Franklin: Wow, interesting.
McClellan: So my mother spent basically her career as a professional administrator.
Franklin: Did she work at Hanford at all?
McClellan: No, she really always kind of focused on wanting her family.
McClellan: And she really didn’t want that extra travel time. So she worked for a period of time at the United Way or Community Chest, and then back into the school system and was the administrative assistant or secretary to a number of principals in different schools in the Richland school system.
Franklin: So, tell me about growing up in Richland in a government town, and in a prefab, and how that--
McClellan: Well, I think growing up and—obviously, growing up is a unique experience. [LAUGHTER] For everyone. But we had come from a small town in Minnesota. Everybody knew everybody else. Everybody was from there.
McClellan: Many of them had two, three, four generations living in the area. Coming to Richland was totally different environment. Everyone was from somewhere else. There were a number of people from Utah, a number of people from Colorado, Denver. Turns out all of those were connections back to DuPont, and DuPont’s operation of facilities in those areas. And there were quite a number from the Midwest and a few from Montana. Areas where there was not a lot of industrial activity. People could be recruited. Like my father, in terms of married, three children, why, he was lower down in the draft order. So, that was prototypical of many of the people. My classmates would be families of two, three, four, five kids and their fathers, in some case were blue collar workers, in some cases were engineers. New kinds of professionals that I never had experience with, even as a little kid, and later when I’d spend summers with my grandparents on the farm in Minnesota. Yeah, the professionals we came in contact with were our family doctor, the farm veterinarian, the lawyer, the banker. So Richland, one of the interesting aspects was the extent to—as a young kid I had fellow students whose fathers were engineers or chemists. In fact, one of my classmates, class of 1954 from Columbia High School, his father was W.E. Johnson.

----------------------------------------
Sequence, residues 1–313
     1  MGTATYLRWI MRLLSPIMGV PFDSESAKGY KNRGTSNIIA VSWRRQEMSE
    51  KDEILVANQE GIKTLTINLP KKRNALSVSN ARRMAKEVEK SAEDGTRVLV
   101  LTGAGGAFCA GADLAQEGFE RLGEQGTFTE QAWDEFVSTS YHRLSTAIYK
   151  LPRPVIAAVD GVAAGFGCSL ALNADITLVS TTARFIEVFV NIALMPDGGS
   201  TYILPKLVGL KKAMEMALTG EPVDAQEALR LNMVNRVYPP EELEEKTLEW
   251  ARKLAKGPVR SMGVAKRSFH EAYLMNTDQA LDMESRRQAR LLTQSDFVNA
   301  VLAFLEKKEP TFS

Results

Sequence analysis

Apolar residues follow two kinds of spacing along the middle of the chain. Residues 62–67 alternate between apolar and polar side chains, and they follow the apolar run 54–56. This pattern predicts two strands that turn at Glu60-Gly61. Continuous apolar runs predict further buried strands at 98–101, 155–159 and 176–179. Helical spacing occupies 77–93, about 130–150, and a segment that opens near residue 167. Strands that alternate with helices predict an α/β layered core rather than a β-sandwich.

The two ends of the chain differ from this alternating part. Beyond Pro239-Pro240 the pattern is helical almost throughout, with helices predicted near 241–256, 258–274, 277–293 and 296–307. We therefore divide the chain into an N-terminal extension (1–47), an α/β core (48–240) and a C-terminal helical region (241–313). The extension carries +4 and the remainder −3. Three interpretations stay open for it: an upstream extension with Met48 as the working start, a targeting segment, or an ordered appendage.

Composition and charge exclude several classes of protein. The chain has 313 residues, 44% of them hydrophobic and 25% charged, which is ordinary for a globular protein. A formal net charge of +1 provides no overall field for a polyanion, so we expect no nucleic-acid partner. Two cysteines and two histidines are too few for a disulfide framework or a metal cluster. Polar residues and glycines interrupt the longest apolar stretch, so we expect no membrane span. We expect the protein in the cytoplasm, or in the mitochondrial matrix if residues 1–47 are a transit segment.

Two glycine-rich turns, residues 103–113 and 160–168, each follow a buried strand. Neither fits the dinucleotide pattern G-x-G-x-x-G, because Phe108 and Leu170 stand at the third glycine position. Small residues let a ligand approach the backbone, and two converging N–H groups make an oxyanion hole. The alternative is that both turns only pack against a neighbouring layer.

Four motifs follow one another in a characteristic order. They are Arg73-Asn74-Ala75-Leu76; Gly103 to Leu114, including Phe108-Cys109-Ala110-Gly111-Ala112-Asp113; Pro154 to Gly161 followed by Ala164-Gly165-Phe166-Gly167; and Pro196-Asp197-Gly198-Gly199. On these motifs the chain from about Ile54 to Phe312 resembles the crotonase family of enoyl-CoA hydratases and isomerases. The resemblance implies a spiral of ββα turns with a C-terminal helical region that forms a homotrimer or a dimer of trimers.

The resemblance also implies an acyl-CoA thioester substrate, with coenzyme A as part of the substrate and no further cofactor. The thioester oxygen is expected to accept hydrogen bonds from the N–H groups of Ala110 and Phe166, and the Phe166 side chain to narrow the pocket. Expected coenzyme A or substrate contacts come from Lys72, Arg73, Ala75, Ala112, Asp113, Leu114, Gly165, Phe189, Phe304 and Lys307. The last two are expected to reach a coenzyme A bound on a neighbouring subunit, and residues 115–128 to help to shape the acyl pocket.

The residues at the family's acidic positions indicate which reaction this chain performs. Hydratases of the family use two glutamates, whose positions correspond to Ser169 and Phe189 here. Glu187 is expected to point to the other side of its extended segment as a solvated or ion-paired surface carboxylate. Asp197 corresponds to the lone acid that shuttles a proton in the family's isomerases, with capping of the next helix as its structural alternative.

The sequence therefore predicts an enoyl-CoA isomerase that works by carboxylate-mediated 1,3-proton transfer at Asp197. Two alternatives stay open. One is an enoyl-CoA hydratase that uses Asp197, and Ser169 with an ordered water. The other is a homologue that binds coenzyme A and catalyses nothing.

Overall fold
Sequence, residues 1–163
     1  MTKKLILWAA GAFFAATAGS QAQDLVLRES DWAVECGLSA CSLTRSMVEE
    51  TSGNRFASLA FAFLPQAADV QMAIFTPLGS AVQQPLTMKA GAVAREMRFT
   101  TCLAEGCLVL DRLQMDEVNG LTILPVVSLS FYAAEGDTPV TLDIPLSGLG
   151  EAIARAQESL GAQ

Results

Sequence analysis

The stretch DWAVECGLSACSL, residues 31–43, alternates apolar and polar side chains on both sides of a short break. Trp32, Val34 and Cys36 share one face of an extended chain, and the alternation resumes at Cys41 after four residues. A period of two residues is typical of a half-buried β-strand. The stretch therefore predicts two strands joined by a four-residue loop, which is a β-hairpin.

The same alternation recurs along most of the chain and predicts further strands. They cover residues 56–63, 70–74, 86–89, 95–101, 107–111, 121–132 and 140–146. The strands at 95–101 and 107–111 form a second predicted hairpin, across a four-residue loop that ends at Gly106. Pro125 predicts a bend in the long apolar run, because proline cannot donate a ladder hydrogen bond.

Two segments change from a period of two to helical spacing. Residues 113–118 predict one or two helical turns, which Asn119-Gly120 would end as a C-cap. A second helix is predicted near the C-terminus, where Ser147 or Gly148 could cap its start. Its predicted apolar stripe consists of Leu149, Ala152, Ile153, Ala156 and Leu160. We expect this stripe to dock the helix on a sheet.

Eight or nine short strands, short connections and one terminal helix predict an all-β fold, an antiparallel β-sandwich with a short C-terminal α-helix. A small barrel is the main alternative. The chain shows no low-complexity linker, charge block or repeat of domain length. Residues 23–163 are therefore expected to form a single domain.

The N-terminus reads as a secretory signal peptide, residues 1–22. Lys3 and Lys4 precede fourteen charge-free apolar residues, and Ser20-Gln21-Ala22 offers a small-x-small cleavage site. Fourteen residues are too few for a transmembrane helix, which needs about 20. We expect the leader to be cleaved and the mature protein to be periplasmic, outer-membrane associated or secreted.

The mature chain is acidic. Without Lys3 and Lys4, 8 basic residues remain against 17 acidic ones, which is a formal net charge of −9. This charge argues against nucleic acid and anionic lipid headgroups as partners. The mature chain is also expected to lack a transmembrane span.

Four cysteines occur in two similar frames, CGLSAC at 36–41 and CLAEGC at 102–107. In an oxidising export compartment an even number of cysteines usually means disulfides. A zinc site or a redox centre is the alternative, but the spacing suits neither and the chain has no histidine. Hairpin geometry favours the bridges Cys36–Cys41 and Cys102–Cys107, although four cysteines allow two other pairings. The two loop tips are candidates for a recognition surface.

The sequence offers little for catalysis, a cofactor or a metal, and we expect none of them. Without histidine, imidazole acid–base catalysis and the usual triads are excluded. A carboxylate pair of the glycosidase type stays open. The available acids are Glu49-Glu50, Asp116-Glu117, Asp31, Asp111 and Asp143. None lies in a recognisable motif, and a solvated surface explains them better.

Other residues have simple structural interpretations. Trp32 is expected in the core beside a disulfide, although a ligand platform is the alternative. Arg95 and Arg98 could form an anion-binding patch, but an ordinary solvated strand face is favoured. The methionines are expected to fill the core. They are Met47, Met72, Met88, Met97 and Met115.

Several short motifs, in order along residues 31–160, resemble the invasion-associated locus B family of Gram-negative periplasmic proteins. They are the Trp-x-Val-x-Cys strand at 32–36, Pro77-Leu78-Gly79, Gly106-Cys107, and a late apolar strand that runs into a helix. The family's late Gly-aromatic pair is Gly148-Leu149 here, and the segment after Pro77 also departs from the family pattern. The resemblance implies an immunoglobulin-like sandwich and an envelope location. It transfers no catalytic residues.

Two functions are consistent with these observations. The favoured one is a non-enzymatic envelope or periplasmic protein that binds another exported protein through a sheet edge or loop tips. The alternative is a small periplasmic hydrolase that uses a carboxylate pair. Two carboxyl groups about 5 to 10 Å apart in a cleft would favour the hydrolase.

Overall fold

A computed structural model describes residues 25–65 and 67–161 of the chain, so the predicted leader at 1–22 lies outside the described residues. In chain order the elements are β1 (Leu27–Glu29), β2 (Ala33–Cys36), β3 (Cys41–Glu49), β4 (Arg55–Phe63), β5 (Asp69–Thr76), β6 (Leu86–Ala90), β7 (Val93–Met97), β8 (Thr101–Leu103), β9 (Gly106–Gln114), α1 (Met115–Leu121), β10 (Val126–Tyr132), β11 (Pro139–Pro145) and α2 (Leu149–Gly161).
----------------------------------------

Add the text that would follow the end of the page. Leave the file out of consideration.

McClellan: He was the top guy running Hanford for many years for the General Electric Company.
McClellan: The other thing that’s unique is that no one owned their own home.
McClellan: You rented your home. DuPont left soon after the war ended. DuPont had been brought in because they were really a unique company. Not only were they large, but they, because of the nature of their business, producing explosives, they were in the business of designing, building, and operating facilities. That was a unique set of activities. So, as I say, you’re working with building and manufacturing explosives. You want to know that your facility—
Franklin: Right, and I imagine, too, that there’s a culture of safety in DuPont in dealing with such—
McClellan: Oh, absolutely.
Franklin: When your product is explosive and—